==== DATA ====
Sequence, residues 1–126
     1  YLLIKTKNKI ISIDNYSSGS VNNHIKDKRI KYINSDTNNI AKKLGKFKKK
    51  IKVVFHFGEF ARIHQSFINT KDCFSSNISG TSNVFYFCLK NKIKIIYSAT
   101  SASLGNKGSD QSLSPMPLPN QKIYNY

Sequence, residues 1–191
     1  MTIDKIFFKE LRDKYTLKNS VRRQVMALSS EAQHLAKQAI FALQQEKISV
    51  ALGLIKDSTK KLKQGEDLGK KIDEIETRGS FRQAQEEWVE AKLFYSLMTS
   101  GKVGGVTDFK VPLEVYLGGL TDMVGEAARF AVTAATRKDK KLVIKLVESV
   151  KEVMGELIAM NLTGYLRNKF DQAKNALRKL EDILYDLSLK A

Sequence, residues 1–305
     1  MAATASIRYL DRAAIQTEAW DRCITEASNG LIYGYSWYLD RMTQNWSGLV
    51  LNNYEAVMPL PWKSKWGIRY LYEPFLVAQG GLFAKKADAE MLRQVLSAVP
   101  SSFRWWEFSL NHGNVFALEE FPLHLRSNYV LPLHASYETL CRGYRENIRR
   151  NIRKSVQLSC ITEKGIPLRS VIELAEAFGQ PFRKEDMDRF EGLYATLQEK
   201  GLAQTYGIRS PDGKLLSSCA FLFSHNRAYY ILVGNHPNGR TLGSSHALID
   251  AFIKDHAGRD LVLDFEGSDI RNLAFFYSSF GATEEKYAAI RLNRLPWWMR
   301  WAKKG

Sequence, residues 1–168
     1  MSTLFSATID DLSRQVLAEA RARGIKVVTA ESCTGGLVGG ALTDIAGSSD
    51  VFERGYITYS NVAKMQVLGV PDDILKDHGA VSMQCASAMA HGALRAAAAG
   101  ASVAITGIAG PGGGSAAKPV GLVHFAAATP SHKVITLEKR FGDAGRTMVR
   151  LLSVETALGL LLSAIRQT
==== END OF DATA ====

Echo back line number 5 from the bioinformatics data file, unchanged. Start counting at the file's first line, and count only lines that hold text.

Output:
Sequence, residues 1–191